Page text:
As my friends and I were waiting for our guests to arrive on Veterans Day, we couldn’t help but wonder what this day would be like. What food will there be? Who is going to be there? What is going to happen? We knew it was to be a day of honor. But we had no idea of what that honor would mean to the veterans in attendance.

The Veterans were greeted by their student hosts upon arrival at Brady Middle School, were given a boutonniere and a program, and escorted downstairs to the cafeteria for the event. A delicious buffet greeted us all thanks to the PTA!

And then the program began. After the color guard comprised of members of the VFW presented the flag, eighth grader Victoria Popritkin and Veteran William C. Boehm, the founder/director of The Singing Angels opened the program with a rousing rendition of The Star Spangled Banner. People stood crossing their hearts with their hands, giving their respect.

The keynote speaker, Jay Falls, set the tone immediately.

“Thanks to Orange City Schools and Brady Middle School students for all of their hospitality. I’m going to try and get through this speech……I just don’t think I can get through this; I don’t think I can do it. It’s too emotional a day for me.”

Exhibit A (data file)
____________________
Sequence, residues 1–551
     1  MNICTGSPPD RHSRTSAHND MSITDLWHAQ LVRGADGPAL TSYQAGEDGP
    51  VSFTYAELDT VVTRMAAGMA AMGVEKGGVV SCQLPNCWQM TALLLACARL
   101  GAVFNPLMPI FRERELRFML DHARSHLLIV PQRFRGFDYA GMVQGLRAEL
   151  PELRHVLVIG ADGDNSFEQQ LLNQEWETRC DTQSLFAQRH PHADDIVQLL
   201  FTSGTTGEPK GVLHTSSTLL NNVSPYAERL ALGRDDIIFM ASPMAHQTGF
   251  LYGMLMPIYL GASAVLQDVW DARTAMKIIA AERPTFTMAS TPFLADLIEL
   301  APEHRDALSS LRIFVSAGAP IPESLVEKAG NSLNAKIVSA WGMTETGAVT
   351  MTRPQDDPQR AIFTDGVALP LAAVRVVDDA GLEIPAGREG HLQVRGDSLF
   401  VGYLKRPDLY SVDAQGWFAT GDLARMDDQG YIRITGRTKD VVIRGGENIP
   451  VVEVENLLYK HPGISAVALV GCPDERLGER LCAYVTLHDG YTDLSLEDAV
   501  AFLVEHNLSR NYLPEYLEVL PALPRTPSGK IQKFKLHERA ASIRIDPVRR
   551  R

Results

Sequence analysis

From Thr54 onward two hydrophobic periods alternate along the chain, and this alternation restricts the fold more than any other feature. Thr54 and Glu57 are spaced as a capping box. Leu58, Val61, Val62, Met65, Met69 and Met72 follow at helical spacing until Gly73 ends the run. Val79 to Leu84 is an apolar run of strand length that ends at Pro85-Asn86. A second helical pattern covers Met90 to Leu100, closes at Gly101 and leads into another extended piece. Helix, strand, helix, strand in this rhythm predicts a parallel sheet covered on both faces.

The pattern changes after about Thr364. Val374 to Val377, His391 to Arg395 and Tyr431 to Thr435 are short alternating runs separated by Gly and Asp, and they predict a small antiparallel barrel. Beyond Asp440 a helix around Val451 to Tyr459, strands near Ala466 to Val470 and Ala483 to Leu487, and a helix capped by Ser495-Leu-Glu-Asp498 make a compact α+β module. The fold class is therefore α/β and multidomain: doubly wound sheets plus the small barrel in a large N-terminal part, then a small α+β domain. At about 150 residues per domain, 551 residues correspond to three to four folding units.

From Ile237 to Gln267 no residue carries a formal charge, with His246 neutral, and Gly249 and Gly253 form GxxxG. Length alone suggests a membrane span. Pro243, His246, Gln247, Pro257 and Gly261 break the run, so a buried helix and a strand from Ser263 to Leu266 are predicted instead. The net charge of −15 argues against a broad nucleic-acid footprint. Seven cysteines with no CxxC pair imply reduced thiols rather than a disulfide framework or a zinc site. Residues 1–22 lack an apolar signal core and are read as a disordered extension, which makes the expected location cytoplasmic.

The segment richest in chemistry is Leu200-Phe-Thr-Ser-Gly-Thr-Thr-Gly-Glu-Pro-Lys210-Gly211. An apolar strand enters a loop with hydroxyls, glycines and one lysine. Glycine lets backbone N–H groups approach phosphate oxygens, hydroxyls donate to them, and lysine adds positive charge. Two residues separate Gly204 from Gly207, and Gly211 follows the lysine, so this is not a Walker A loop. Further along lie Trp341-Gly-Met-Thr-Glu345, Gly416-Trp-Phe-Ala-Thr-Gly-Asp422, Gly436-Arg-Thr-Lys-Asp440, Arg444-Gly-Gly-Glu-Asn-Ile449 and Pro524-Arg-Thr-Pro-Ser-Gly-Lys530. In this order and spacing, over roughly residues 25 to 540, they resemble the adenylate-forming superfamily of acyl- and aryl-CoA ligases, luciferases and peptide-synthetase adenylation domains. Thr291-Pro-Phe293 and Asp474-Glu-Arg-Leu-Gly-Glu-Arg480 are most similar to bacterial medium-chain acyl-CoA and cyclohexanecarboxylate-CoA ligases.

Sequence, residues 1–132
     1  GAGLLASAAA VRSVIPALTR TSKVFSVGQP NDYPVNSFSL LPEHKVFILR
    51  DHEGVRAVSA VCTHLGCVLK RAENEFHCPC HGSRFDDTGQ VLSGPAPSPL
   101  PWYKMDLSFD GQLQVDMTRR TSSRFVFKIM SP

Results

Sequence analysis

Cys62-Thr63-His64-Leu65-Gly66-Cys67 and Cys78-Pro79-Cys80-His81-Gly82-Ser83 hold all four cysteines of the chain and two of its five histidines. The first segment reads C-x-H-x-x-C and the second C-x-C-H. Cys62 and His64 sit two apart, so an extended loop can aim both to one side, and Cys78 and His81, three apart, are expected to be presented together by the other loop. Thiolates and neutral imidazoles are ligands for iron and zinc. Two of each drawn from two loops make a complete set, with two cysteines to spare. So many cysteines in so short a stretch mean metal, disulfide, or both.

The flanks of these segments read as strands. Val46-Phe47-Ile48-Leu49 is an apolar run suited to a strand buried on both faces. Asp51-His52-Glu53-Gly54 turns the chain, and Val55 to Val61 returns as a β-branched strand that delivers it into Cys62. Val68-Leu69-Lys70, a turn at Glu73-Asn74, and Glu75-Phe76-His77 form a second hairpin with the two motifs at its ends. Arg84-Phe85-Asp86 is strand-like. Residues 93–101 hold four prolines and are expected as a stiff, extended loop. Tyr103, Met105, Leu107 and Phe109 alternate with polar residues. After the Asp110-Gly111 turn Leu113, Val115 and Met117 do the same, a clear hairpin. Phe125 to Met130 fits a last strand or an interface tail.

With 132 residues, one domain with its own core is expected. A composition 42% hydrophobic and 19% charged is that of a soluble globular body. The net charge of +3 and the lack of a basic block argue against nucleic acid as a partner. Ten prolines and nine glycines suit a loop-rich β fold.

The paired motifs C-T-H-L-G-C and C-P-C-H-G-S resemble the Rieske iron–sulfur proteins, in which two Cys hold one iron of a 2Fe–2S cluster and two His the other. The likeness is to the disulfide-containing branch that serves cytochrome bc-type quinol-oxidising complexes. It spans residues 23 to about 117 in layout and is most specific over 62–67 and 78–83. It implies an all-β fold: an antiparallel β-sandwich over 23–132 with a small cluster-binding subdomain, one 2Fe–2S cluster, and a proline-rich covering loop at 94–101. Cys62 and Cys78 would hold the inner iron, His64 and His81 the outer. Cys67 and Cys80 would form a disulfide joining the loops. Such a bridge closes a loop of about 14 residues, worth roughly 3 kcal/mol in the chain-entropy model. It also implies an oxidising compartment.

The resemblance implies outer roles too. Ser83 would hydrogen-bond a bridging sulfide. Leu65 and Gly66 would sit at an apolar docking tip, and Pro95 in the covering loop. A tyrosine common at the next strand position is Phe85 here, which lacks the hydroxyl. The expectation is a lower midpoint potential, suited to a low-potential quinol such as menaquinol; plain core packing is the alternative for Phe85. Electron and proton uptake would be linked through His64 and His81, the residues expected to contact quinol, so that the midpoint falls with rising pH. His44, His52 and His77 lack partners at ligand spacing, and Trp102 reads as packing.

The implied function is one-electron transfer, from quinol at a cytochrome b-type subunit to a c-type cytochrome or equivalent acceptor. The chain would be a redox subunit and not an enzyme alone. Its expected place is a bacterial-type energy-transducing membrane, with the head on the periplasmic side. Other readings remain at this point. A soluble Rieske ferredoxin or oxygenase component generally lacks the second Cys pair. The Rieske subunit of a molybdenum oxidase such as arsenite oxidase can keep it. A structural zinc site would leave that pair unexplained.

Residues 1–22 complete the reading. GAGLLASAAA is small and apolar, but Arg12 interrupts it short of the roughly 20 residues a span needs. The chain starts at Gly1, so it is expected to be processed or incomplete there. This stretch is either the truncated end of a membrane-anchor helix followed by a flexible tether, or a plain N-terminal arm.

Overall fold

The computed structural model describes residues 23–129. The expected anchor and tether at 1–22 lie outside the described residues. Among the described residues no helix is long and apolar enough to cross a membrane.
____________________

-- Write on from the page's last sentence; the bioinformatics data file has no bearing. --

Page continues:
It was touching to see the emotion that came from him when he was asked to share his stories of being involved in a war. He could barely get through the speech and asked our Assistant Principal Mrs. Darla Wagner to finish it for him. That made it all the more poignant, especially as her husband played “Amazing Grace” on the bagpipes to honor the fallen Veterans.

We all recognized the emotion there, including my classmate, seventh grader Faye Fahsbender who said, “It was really cool. It was honoring and sweet. People were crying, very emotional.”